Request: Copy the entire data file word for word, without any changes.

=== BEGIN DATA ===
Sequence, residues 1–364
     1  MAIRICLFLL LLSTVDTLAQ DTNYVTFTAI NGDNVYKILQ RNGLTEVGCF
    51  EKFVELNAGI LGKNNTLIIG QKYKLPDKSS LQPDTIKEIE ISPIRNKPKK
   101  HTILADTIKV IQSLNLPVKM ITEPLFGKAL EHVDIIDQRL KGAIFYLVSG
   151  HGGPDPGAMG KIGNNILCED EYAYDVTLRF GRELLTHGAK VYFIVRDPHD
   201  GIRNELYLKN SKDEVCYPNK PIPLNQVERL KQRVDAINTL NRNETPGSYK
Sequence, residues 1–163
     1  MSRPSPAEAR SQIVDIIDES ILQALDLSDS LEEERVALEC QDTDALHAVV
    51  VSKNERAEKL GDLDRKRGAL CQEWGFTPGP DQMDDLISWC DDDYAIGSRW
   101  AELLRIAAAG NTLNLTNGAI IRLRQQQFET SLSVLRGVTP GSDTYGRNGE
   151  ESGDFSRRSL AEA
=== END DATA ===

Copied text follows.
Sequence, residues 1–364
     1  MAIRICLFLL LLSTVDTLAQ DTNYVTFTAI NGDNVYKILQ RNGLTEVGCF
    51  EKFVELNAGI LGKNNTLIIG QKYKLPDKSS LQPDTIKEIE ISPIRNKPKK
   101  HTILADTIKV IQSLNLPVKM ITEPLFGKAL EHVDIIDQRL KGAIFYLVSG
   151  HGGPDPGAMG KIGNNILCED EYAYDVTLRF GRELLTHGAK VYFIVRDPHD
   201  GIRNELYLKN SKDEVCYPNK PIPLNQVERL KQRVDAINTL NRNETPGSYK
Sequence, residues 1–163
     1  MSRPSPAEAR SQIVDIIDES ILQALDLSDS LEEERVALEC QDTDALHAVV
    51  VSKNERAEKL GDLDRKRGAL CQEWGFTPGP DQMDDLISWC DDDYAIGSRW
   101  AELLRIAAAG NTLNLTNGAI IRLRQQQFET SLSVLRGVTP GSDTYGRNGE
   151  ESGDFSRRSL AEA